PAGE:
Deputy Vice Presidents Elisabeth Wåghäll Nivre, Henrik Cederquist and Yvonne Svanström. Photo: Anna-
Deputy Vice Presidents Elisabeth Wåghäll Nivre, Henrik Cederquist and Yvonne Svanström. Photo: Anna-Karin Landin, Niklas Björling and Ingmarie Andersson

The Department of Teaching and Learning was founded in January 2022 with the aim of gathering education and research in subject-specific pedagogy under one large department instead of being spread among three smaller departments. This was a major organisational change which has meant, among other things, that both teacher education and its administration for the Department of Child and Youth Studies, the Department of Education, the Department of Special Education and the Department of Teaching and Learning are now handled by the Academic area for Human Science and the Office of Human Science. Much work is also being done in subject-specific departments in both areas. Most of our subject-specific teaching students have specialisations in the humanities and social sciences, while far fewer aim to become teachers of mathematics or one or more of the science subjects. The latter is problematic given that there is a severe shortage of qualified teachers in these particular subjects in schools. There is also a clear shortage of teachers in the language subjects.

Teacher education remains a joint responsibility of Human Science and Science. It is therefore crucial to have representation from the Faculty of Science in the preparatory bodies for teacher education programmes, which have been under the responsibility of the Board of Human Science for over a year now. Last autumn, we Deputy Vice Presidents introduced regular meetings with the Chair and Vice Chair, who represent the Faculty of Science, and the Second Vice Chair of the Teacher Education Preparatory Committee. We meet twice a semester to exchange information and discuss area-wide issues in terms of both the purely administrative issues and more content-related and strategic issues. These are important meetings that help us to understand and make the right decisions regarding teacher education, which is highly regulated by the Government and ministries.

Stockholm University has the most comprehensive teacher education in the country, with programmes, continuing professional development and courses for prospective and practising teachers from pre-school to upper-secondary and adult education (including vocational teachers). Several thousand teaching students study at our university each year, and we have now also expanded our collaboration with the Swedish School of Sport and Health Sciences (GIH). However, it is important that the organisation is also given the opportunity to consolidate after a period of many changes.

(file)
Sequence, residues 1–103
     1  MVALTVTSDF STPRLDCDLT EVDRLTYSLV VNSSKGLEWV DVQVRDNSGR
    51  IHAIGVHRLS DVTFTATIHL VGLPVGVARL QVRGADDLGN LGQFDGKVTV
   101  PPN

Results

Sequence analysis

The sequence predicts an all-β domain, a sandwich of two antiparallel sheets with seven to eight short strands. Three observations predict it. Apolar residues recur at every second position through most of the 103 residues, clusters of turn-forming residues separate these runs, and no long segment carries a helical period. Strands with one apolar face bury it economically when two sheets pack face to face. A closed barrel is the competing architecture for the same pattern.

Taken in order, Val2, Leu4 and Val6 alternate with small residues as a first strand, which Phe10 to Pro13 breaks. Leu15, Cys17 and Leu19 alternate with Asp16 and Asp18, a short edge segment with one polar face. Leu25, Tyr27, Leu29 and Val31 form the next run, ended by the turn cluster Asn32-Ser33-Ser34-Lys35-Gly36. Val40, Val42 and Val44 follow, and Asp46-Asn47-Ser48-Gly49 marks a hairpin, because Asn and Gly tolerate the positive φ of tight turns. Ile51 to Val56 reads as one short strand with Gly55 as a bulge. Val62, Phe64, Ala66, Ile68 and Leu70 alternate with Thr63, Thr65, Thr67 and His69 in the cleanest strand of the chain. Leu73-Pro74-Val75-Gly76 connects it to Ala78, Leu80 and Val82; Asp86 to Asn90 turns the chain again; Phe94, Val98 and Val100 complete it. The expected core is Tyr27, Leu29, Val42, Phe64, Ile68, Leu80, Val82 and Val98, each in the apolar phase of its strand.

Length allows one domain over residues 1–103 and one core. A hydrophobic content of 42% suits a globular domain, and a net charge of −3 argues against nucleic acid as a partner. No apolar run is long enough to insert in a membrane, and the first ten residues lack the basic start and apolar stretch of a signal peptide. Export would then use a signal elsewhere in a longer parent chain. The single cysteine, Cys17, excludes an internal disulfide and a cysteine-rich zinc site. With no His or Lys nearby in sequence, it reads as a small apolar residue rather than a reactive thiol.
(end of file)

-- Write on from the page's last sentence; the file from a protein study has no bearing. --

For many people, the fact that we are constantly being asked to train more teachers seems rather pointless if we cannot at the same time fill the programme places with motivated and well-prepared students. Quality and the importance of good subject knowledge must be given greater weight in the decisions taken by the Government and Parliament regarding all teacher education. Stockholm University has many teachers whose talent drives and contributes to our various teacher education programmes and courses. There is a strong interest in teacher education issues within the university’s two academic areas, their administrations and the Senior Management Team. The future school teachers, their commitment to knowledge, and the practices they impart will be of crucial importance for Sweden’s development as a knowledge nation. This is why teacher education is so important and why we must be able to offer high quality training for future teachers in all subjects in schools.

This is a text written by the Deputy Vice Presidents Elisabeth Wåghäll Nivre, Henrik Cederquist and Yvonne Svanström. It appears in the section ”Words from the University’s senior management team”, where members of the management team take turns to write about topical issues. The section appears in every edition of News for staff which is distributed to the entirety of the University staff.